Read More About Laos on GoNOMAD
This stunning, landlocked country is often overlooked by many travelers, standing in the shadows of its neighboring countries like Thailand or Cambodia. The environment is still very pristine, and outside of town you probably won’t run into any other tourists.
When I arrived in Vientiane, the capitol of Laos, I hunted for a hostel on foot; the city center is small, so it wasn't difficult, even with my huge pack. I paid 40,000 Laos Kips for a clean room with hot water (don’t be fooled, that’s about the price of a Starbucks latte).
That night I saw the most beautiful sunset of my life, all brilliant pinks and oranges on the Mekong River, where fishermen were casting their nets for the final time. It was the first time in my life I'd noticed the sun both rise and set in the same day, and it felt good.
The next day I rented a bicycle and rode to the outskirts of the town, where I came across some temple grounds. I saw saffron-colored monks robes drying between trees in the sun, and ended up having a conversation with one of the monks-in-training. Read more...
Laos is a beautiful country; unlike neighboring Thailand, it remains relatively unspoiled by tourism and development. The people are warm and friendly, and genuinely pleased to welcome you into their country and into their homes.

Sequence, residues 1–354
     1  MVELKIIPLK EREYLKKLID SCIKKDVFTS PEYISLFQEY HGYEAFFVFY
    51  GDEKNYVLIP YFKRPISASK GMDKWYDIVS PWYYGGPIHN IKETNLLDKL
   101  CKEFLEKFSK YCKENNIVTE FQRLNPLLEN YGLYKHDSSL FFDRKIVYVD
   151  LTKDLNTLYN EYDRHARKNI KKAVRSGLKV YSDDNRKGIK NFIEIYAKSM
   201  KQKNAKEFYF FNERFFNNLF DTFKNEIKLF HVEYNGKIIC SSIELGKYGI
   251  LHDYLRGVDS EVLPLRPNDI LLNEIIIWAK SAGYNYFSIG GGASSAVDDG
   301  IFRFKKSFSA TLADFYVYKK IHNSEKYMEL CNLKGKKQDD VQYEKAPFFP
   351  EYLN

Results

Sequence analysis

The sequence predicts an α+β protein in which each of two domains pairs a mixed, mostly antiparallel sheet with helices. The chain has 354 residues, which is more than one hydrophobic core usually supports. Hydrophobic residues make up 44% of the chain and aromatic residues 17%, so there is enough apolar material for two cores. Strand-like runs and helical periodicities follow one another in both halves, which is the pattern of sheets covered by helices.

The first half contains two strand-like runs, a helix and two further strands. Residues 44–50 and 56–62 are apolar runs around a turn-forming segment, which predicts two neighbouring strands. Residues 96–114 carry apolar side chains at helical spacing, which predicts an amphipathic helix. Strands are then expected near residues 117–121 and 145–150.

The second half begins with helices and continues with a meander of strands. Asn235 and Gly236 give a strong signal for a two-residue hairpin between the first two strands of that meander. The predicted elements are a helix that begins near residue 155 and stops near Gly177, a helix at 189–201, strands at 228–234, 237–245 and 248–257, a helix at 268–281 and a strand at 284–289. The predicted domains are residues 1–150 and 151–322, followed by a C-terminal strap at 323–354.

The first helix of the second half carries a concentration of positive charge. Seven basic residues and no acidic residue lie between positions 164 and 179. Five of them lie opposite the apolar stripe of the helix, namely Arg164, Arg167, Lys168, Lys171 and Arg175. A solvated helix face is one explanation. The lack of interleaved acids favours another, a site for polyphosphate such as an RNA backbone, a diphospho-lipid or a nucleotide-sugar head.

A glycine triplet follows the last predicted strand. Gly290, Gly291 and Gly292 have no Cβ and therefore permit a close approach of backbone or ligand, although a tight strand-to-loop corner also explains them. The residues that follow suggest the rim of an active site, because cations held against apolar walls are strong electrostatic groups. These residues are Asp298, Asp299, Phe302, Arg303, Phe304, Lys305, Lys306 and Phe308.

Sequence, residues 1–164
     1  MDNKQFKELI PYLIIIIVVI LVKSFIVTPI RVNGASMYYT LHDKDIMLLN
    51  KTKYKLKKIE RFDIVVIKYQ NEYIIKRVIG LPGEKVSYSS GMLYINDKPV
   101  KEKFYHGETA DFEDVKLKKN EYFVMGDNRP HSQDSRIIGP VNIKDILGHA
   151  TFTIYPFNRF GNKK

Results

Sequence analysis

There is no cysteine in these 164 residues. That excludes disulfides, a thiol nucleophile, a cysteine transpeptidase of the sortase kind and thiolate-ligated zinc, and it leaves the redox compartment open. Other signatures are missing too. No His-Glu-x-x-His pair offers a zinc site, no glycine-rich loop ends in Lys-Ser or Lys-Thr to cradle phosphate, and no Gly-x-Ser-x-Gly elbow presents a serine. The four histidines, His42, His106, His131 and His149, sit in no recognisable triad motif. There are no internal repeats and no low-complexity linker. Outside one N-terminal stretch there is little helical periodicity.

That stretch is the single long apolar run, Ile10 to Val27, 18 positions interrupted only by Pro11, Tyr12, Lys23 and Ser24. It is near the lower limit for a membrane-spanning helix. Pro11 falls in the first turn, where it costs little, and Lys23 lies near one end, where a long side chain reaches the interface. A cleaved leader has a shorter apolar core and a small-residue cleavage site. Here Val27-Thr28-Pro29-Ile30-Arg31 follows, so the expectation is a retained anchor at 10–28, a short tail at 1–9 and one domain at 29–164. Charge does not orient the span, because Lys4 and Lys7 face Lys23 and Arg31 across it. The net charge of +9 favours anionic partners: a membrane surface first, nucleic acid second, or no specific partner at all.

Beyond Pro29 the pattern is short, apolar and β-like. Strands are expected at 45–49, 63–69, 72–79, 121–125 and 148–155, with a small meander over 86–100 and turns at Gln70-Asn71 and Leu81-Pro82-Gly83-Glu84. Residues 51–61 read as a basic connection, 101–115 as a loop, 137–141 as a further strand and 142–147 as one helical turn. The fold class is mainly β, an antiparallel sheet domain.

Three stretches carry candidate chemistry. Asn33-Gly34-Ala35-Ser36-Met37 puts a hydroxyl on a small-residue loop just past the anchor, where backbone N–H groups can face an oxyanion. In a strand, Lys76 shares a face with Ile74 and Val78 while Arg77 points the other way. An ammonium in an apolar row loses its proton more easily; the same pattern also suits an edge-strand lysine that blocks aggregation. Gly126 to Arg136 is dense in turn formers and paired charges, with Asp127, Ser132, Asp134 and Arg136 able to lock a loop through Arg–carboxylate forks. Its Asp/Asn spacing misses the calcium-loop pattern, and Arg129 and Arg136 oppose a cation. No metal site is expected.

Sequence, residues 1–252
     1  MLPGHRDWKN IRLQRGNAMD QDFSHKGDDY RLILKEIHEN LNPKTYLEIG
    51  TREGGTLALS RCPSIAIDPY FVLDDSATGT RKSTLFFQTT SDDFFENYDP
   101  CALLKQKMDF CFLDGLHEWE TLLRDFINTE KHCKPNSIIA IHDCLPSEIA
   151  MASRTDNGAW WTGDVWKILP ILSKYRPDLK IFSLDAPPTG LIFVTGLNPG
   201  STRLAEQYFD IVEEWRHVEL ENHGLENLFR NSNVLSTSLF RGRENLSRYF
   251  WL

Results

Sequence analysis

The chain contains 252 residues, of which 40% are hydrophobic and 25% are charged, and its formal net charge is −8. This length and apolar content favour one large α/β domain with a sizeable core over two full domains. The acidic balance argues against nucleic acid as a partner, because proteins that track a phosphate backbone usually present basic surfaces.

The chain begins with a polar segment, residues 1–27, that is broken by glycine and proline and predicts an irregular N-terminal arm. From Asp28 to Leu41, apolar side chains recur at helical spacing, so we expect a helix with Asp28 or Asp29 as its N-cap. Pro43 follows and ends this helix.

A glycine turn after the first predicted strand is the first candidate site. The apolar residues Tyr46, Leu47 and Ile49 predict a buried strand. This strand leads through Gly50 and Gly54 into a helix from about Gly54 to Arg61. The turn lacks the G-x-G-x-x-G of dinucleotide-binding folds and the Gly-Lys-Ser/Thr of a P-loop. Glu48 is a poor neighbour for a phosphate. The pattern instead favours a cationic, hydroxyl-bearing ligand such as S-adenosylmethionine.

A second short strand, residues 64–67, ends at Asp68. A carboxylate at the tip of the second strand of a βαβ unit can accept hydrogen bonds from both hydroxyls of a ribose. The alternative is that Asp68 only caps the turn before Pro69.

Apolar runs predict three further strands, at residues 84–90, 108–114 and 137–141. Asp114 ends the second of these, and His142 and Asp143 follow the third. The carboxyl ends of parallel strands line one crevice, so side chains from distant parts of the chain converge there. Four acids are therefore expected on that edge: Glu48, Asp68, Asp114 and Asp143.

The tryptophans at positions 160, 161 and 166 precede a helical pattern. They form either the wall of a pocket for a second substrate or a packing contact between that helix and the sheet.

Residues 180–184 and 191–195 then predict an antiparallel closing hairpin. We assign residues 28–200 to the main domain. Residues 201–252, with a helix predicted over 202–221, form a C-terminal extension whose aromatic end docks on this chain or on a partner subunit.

Despite its diminutive size, Laos is bursting at the seams with incredible sights and experiences: there is literally something for everyone.
The women in the Ban Hai village meet to discuss textile designs, marketing and pricing.
Bun Bang Fai: The Rocket Festival of Laos and Thailand
While farmers and politicians across Australia battle it out over water allocations, in Southeast Asia, Thais and Laotians are preparing to embrace their water shortages in a style all of their own.
Dating back to pre-Buddhist times the Bun Bang Fai (Rocket Festival), held around the May full moon, is traditionally based on the notion that launching bamboo rockets skyward will initiate the rainy season and bring much needed relief to the country's rice fields.
Popular in Thailand’s northeastern Isan province and around the Laos capital of Vientiane, the event continues to maintain a rich cultural significance.
Testament to this is a 3,000-word poem based around the event being translated into the English language and designated as supplementary secondary school reading by the Thai Ministry of Education.
While respecting the event's traditions, today’s Thais and Laotians embrace the festival with their tongue firmly in their cheek. Read more...
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